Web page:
Timothy W. Tuttle & Associates
Volume 13 Edition 9 Please email comments to firstname.lastname@example.org Sept 2017
Major Tax Deadlines:
For September 2017
* September 15 – Third quarter installment of 2017 individual and corporation estimated income tax is due.
* September 15 – S corporations: Filing deadline for 2016 tax returns for S corporations that requested/received a six-month extension.
* September 15 – Partnerships: Filing deadline for 2016 tax returns for partnerships that requested/received an automatic six-month extension.
* September 15 – Electing large partnerships: Filing deadline for 2016 tax returns for electing large partnerships that requested/received a six-month extension.
Note: Businesses are required to make federal tax deposits on dates determined by various factors that differ from business to business.
Payroll tax deposits: Employers generally must deposit Form 941 payroll taxes (income tax withheld from employees' pay and both the employer's and employees' share of FICA taxes) on either a monthly or semiweekly deposit schedule. There are exceptions if you owe $100,000 or more on any day during a deposit period, if you owe $2,500 or less for the calendar quarter, or if your estimated annual liability is $1,000 or less.
* Monthly depositors are required to deposit payroll taxes accumulated within a calendar month by the fifteenth of the following month.
* Semiweekly depositors generally must deposit payroll taxes on Wednesdays or Fridays, depending on when wages are paid.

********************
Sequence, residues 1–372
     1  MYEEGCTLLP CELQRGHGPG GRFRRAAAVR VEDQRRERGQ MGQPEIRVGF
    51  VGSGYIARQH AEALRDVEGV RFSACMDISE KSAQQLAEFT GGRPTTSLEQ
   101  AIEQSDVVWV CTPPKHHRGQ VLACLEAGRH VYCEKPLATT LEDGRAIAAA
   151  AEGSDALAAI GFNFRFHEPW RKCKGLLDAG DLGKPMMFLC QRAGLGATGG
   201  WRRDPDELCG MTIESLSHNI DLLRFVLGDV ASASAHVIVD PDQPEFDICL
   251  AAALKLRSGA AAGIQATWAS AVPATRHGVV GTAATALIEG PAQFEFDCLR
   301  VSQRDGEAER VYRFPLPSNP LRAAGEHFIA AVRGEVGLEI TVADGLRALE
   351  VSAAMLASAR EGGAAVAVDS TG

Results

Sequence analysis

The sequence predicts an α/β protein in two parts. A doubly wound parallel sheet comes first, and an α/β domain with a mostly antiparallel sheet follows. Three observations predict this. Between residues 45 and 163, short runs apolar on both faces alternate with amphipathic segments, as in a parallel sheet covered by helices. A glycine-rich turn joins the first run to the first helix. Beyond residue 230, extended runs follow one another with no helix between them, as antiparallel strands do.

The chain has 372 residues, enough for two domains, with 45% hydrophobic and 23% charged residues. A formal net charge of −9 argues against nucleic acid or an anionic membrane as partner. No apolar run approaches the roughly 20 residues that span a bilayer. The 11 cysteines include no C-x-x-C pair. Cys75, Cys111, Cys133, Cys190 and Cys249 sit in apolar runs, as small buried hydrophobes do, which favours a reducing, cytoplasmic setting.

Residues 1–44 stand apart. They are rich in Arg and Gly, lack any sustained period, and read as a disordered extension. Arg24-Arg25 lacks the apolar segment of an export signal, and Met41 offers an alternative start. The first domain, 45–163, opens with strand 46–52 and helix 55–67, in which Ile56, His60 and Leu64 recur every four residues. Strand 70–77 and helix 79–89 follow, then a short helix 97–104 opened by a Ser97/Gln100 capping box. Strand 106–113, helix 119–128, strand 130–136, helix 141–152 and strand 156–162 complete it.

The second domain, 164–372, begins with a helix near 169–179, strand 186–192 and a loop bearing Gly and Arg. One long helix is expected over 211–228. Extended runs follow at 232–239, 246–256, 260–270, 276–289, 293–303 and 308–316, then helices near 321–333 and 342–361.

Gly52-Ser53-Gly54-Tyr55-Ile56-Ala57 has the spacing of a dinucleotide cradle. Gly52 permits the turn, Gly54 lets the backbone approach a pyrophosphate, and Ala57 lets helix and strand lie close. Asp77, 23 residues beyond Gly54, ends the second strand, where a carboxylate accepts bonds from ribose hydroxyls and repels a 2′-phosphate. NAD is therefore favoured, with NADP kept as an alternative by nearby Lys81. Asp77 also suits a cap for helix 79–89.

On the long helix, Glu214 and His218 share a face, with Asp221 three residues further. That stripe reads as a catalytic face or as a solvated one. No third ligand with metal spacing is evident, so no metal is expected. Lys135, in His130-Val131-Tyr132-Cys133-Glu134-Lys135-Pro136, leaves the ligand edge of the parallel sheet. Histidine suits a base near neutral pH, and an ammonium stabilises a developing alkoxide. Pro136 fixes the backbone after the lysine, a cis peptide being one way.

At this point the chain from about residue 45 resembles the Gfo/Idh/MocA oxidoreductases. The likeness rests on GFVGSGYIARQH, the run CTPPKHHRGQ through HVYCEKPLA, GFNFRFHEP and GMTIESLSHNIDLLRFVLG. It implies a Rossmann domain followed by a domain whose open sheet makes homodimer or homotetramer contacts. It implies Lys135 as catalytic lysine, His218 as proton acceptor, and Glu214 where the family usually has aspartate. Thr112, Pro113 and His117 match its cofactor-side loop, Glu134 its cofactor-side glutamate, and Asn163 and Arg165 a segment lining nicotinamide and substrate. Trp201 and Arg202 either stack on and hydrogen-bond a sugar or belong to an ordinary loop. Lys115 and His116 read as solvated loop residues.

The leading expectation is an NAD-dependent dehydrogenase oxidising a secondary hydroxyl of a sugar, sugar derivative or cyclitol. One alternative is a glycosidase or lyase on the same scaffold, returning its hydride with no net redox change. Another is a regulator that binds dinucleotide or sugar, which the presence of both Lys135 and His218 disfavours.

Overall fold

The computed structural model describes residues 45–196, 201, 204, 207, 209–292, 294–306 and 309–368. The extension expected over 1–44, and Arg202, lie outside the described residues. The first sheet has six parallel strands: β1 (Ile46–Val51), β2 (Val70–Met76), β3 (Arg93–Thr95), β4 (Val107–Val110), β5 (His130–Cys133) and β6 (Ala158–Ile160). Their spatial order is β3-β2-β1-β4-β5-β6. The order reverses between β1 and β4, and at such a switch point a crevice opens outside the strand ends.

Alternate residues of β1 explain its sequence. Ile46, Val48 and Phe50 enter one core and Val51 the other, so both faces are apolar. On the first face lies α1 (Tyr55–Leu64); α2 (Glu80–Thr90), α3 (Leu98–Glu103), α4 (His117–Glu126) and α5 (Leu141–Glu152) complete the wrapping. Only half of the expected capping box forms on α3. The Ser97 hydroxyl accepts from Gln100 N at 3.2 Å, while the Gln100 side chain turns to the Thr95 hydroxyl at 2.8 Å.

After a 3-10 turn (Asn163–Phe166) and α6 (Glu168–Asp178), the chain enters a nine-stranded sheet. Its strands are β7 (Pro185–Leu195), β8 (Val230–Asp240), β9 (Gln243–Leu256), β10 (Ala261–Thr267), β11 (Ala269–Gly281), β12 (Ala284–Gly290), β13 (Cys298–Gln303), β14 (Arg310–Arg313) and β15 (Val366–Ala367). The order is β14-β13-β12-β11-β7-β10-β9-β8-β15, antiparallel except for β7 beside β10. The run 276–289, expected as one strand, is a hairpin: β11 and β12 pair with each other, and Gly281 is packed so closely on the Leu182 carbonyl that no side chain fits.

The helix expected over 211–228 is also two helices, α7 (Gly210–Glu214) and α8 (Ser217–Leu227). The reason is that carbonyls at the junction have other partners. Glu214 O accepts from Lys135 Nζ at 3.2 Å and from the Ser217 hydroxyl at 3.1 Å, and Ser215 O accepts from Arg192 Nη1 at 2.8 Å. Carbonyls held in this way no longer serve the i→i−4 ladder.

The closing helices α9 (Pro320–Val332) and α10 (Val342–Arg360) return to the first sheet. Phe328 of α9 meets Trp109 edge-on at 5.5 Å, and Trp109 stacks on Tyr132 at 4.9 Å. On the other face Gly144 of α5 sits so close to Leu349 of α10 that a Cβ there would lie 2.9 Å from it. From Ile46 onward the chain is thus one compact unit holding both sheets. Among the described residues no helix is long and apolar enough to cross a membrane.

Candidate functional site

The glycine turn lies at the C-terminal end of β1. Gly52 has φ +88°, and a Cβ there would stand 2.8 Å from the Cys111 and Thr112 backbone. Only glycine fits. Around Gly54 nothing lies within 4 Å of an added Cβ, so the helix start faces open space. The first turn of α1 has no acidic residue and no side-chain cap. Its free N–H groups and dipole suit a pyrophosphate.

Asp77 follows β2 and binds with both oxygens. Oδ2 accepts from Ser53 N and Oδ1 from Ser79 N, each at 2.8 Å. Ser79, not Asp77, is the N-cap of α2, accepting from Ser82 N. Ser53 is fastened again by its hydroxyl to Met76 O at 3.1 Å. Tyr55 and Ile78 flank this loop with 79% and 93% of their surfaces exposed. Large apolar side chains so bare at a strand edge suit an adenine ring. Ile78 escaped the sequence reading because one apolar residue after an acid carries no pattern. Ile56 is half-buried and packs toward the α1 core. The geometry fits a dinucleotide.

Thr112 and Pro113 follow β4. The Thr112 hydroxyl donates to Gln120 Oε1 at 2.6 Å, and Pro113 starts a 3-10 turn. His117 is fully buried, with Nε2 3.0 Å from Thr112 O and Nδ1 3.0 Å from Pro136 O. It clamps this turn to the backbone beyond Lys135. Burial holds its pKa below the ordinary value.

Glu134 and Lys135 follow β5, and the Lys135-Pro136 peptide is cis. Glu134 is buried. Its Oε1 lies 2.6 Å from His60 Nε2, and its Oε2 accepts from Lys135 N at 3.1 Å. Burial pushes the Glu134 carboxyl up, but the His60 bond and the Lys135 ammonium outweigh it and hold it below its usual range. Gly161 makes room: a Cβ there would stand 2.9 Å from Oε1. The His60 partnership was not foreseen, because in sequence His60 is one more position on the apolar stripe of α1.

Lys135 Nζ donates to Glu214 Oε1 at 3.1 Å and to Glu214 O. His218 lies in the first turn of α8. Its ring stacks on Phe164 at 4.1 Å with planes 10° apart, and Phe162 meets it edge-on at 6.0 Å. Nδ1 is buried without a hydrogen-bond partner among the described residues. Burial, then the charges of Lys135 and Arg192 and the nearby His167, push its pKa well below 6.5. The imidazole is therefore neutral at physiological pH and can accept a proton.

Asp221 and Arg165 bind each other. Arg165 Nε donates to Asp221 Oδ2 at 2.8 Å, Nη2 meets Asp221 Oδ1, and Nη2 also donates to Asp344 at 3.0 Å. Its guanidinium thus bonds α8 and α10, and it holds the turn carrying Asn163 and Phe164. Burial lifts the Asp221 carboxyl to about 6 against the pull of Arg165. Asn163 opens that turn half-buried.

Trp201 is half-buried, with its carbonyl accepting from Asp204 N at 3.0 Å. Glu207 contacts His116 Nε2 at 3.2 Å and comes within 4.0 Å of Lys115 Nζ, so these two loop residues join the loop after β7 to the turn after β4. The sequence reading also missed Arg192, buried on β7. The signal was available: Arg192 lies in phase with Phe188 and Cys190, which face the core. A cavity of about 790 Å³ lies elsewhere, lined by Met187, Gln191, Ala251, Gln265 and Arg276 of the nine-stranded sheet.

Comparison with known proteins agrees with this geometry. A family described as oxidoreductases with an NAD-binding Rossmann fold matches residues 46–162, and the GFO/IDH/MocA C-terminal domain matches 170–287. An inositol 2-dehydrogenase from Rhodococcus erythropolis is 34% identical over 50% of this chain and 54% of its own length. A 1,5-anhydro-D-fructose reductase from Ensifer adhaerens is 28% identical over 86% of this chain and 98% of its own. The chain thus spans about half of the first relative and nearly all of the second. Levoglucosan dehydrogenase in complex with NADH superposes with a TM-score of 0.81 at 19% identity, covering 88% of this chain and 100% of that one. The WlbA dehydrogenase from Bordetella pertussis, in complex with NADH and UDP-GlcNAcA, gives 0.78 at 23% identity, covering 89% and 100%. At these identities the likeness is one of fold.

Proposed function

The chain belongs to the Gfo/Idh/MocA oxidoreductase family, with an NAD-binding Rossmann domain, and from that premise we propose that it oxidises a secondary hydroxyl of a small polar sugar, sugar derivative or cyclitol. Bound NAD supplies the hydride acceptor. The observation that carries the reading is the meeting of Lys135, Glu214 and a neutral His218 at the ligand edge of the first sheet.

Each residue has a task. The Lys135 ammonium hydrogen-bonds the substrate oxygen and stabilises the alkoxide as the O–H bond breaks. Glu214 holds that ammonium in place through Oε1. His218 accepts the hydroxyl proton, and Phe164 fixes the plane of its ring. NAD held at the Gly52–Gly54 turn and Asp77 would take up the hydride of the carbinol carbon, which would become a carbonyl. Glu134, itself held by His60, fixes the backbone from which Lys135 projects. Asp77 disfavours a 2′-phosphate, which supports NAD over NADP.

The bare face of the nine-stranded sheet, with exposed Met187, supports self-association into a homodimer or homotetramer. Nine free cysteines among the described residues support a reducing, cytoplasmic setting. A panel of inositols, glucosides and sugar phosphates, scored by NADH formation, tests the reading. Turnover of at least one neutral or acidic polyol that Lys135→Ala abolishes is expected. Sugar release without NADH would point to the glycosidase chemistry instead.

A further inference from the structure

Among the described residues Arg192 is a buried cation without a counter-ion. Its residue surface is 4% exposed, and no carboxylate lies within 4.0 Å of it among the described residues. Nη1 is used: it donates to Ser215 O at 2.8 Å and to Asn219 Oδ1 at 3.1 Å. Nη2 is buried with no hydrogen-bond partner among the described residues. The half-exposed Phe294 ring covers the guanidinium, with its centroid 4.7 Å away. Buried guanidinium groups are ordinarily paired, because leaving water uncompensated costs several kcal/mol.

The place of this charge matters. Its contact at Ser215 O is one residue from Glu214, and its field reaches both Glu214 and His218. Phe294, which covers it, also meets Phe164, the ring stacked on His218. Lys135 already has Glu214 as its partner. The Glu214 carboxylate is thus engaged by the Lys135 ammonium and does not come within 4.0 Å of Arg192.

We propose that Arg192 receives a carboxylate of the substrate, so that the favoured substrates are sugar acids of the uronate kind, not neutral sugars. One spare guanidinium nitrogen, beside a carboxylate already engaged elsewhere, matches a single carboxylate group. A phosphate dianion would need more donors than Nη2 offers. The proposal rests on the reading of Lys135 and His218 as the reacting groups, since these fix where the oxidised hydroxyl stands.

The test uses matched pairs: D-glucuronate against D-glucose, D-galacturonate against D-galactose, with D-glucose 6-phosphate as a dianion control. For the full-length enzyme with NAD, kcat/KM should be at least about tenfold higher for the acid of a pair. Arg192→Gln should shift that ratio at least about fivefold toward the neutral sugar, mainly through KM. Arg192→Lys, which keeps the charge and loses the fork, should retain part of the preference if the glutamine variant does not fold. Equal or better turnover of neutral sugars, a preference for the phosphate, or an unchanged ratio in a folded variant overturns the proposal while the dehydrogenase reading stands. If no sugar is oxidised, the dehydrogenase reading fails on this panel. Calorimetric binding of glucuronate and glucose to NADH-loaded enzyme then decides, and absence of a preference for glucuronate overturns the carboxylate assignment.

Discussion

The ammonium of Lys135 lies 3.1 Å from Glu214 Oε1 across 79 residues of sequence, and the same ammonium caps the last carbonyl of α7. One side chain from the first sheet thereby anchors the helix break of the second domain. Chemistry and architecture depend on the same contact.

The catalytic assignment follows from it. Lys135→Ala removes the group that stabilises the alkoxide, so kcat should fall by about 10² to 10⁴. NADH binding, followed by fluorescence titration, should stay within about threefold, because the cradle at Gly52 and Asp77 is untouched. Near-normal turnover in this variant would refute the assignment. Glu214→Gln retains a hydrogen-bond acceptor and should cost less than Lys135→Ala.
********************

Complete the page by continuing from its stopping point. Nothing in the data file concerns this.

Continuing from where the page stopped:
For more information on tax deadlines that
apply to you or your business, contact our office.
What's New in Taxes
Say goodbye to the college tuition deduction
It's hard enough to watch your child leave for college. Now you also have to say goodbye to the tuition and fees tax deduction. Congress decided not to extend this $4,000 deduction for 2017, leaving many parents worried that college will now be more expensive.
But it isn't as bad as it sounds. That's
because Congress left in place two popular education credits that may offer a
more valuable tax break:
The American Opportunity Tax Credit (AOTC) is a credit of up to 2,500 per
student per year for qualified undergraduate tuition, fees and course materials.
The deduction phases out at higher income levels, and is eliminated altogether
for married couples with a modified adjusted gross income of $180,000 ($90,000
Lifetime Learning Credit. The Lifetime Learning Credit provides an annual credit of 20 percent on the first $10,000 of tuition and fees, for either undergraduate or graduate level classes. There is no lifetime limit on the credit, but only couples making less than $132,000 per year (or singles making $66,000) qualify. Unlike the AOTC, this deduction is per tax return, not per student.
So who is affected by the loss of the tuition and fees deduction? If you are paying for your student's graduate-level courses and are making too much to qualify for the Lifetime Learning Credit, the tuition and fees deduction is generally the only means you have to reduce your tax bill.
But there's still hope! In addition to the two alternative education credits, there are many other tax benefits that help reduce the cost of education. There are breaks for employer-provided tuition assistance, deductions for student loan interest, tax-beneficial college savings options, and many other tax-planning alternatives. Please call if you'd like an overview of the alternatives available to you.
Avoid these common tax mistakes
There are nearly 1,000 different tax forms used by the IRS to report tax obligations. It's no wonder the IRS faces thousands of tax returns with errors each year. Here are some of the most common: